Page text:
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How did fingernails and toenails work in Paleolithic times?

Answered on August 19, 2014
Created April 18, 2011 at 8:15 PM

When my fingernails and toenails get longer they get in the way and are more likely to get snagged or broken (grimace).

I figure nails evolved to be the way they are just like everything else. How do we think our ancestors kept their nails at a manageable and useful length? We they a bunch of nail-biters? What about their toes?

P.S. this is just an out-of-curiosity type question - I'm not looking to reenact whatever we come up with.

100fd85230060e754fc13394eee6d6f1

(18706)

on July 22, 2011
at 02:33 PM

I can and do do this with my babies, who have very soft nails, but I don't think it would work reliably with mine which have always been extremely strong. However, filing, which does not work on my baby's nails because they are so soft that they just fold in response, works on mine to keep them short, if I do it constantly.

9aa2a816c61170cc0183a68be0386ba5

(1702)

on April 19, 2011
at 02:41 AM

See, this is why cats are better than dogs - they chew their nails off on their own ^_^

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8 Answers

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2
B1fcaceba952861d0324bdb291edbbe0

(3159)

on April 19, 2011
at 12:46 AM

Much of their work probably ground them down, stones, sharpening things, scraping, etc.

Biting them perhaps.

Tearing them on something. :( That would be quite unpleasant though.

I like nail clippers ... they're handy ...

2
A45955e4c4cbe88ed6645828ba13f75a

(132)

on April 26, 2011
at 08:39 AM

I've been dealing with my long nails without nail clippers ever since I was a child.

Start picking at one edge of the nail (the side closest to the thumb). You will soon get a small split. Pull on this nail edge and the nail will tear. It follows the grain which curves around the end of your finger so you don't end up tearing your skin.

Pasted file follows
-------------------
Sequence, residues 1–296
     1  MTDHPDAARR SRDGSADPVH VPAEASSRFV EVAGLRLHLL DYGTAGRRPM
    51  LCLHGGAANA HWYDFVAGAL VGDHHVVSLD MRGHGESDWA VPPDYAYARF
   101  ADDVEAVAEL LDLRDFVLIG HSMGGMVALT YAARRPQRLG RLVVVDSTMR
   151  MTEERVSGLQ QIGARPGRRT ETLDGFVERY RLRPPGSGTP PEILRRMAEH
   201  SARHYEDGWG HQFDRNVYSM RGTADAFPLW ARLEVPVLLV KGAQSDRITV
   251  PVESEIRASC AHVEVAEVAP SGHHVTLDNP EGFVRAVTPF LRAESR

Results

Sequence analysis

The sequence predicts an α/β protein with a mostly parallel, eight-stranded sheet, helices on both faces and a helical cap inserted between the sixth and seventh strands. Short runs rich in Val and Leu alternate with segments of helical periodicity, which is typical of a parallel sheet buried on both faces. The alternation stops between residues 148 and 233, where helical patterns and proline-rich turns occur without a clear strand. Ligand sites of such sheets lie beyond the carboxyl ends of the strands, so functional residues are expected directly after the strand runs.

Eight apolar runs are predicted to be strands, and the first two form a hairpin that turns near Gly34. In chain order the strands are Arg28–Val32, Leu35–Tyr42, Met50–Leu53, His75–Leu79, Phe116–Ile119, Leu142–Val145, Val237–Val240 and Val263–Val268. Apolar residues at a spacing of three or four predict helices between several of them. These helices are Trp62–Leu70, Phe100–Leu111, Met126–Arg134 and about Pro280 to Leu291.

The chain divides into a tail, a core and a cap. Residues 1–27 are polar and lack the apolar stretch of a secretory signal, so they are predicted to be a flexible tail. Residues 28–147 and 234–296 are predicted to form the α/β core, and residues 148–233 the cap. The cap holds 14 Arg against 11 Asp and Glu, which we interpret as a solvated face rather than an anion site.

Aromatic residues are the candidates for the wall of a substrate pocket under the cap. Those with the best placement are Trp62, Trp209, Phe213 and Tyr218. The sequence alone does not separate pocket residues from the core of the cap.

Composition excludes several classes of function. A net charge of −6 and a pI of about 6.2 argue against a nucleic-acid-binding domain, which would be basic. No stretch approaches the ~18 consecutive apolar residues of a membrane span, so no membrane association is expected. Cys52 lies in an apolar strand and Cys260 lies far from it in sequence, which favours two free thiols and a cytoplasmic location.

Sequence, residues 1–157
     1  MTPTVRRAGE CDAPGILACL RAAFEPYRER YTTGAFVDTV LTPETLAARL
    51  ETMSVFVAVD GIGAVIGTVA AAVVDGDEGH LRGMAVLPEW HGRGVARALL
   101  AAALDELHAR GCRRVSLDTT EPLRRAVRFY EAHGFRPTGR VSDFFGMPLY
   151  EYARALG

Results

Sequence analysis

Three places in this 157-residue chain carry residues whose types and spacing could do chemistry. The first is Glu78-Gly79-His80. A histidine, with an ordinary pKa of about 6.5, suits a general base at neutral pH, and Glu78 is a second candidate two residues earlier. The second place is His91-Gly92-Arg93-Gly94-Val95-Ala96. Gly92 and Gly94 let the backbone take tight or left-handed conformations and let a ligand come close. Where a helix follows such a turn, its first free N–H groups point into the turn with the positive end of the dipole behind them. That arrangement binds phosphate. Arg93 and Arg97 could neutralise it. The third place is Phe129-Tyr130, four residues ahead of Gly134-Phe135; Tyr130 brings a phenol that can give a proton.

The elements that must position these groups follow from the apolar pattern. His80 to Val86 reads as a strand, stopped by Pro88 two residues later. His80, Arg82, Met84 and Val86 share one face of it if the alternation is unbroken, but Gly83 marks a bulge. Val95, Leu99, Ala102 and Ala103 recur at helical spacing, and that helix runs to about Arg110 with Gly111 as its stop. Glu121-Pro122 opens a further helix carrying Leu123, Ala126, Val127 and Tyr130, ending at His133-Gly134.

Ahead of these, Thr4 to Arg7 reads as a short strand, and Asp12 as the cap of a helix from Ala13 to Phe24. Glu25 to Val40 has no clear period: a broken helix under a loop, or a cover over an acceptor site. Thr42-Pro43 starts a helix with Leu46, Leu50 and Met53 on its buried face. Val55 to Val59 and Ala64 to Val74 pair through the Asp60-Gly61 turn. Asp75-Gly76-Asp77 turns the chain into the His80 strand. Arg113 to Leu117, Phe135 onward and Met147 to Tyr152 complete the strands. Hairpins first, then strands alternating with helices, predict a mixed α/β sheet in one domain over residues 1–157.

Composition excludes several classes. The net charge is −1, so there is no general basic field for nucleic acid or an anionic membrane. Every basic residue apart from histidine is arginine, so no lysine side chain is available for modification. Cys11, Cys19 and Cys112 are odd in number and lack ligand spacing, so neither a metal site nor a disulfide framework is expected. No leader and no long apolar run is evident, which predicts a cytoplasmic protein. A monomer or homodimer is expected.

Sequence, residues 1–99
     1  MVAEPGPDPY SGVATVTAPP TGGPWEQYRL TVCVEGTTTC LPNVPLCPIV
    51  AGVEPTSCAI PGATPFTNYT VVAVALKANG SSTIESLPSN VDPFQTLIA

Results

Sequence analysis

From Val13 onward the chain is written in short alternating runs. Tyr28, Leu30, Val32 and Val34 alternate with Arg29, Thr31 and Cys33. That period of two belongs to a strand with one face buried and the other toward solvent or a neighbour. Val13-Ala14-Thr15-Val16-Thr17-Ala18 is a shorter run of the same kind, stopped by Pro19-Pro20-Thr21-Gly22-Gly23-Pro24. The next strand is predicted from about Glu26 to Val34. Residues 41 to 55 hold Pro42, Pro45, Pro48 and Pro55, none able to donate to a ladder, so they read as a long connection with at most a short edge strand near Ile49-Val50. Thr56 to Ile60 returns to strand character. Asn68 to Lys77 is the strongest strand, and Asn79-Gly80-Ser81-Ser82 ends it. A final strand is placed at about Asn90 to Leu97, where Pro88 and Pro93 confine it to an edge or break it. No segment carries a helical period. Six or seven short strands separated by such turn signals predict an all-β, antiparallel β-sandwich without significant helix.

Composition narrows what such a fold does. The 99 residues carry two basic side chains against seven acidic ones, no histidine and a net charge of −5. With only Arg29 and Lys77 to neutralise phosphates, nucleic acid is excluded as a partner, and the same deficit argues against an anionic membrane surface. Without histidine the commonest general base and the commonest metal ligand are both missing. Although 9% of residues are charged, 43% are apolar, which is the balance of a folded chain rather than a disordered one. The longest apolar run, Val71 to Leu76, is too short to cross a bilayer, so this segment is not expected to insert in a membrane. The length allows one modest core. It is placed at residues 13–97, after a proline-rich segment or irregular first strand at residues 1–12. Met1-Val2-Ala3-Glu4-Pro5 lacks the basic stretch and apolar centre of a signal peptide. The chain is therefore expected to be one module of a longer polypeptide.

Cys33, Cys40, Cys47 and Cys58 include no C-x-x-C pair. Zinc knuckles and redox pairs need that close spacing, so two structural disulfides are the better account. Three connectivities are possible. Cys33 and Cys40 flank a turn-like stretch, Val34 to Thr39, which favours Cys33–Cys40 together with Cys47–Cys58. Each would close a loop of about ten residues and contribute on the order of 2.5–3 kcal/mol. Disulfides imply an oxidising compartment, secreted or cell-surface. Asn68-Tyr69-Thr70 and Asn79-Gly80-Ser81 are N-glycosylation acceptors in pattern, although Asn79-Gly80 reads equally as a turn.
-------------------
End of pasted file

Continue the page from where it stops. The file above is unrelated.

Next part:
It works great and you can do it on your toenails too.

Although now that I am an adult, I use clippers so they look neat.

100fd85230060e754fc13394eee6d6f1

(18706)

on July 22, 2011
at 02:33 PM

I can and do do this with my babies, who have very soft nails, but I don't think it would work reliably with mine which have always been extremely strong. However, filing, which does not work on my baby's nails because they are so soft that they just fold in response, works on mine to keep them short, if I do it constantly.

1
26b7615ef542394102785a67a2786867

on April 19, 2011
at 03:41 AM

My nails grow like crazy. I use my hands a lot every day and my nails have never been 'worn down' by any activity. They will get long, and then will start getting in my way, and then getting chipped, which means they snag and scratch and are a PITA. They require plenty of maintenance to keep them functional and comfortable. Longer nails are a useful tool for many tasks.

A lot of animals perform some sort of self-care to keep them manageable and functional. I have read that chimpanzees and other apes frequently bite their nails to keep them useful. My cats not only scratch to shed the outer sheath of their nails, but often bite them off. My pet rats kept their nails trimmed by biting them.

Animals who run long distances in their natural environment, like dogs, don't have these behaviors of course.

1
A68f24168bc0de414a038037e287b581

on April 18, 2011
at 10:32 PM

Probably the same as with today's pet dogs - we have to cut their nails, b/c they don't walk anymore enough to file them automatically.

I wouldn't be surprised if after breaking off a piece one would file it a bit on a rock or so, or bit off whatever is annoying. Hard work would take care of most of the issues :)

9aa2a816c61170cc0183a68be0386ba5

(1702)

on April 19, 2011
at 02:41 AM

See, this is why cats are better than dogs - they chew their nails off on their own ^_^

1
0dc1d63c3d5975f5115f535c6a90c9dd

(2283)

on April 18, 2011
at 08:36 PM

They probably were worn down from the daily physical labor they had to do.

0
4aa3281b2b5c6ec066c82675ee3df5f7

on April 19, 2011
at 03:23 AM

I don't think they would just wear down. I have often cut my nails with a knife when out in the wild for extended periods. My guess would be they used something similar. Like a stone knife, rasp, or just teeth. It's true that some wear and tear would take place but from my experience with stone age technologies (not for paleo sake) it wouldn't be enough. As for toenails as someone who doesn't wear shoes when not in the city. I can say being barefoot doesn't keep toenails short only dirty.

0
9f9fa49265e03ddd2bf2bba5477a556b

(3184)

on April 18, 2011
at 11:26 PM

They could certainly bite their nails and chew them off.

0
91487fa364848b52aad94002266aebc9

(76)

on April 18, 2011
at 08:38 PM

Dunno myself, but here is some mildly interesting speculation from another site:

http://ask.metafilter.com/131168/outgrown-nails

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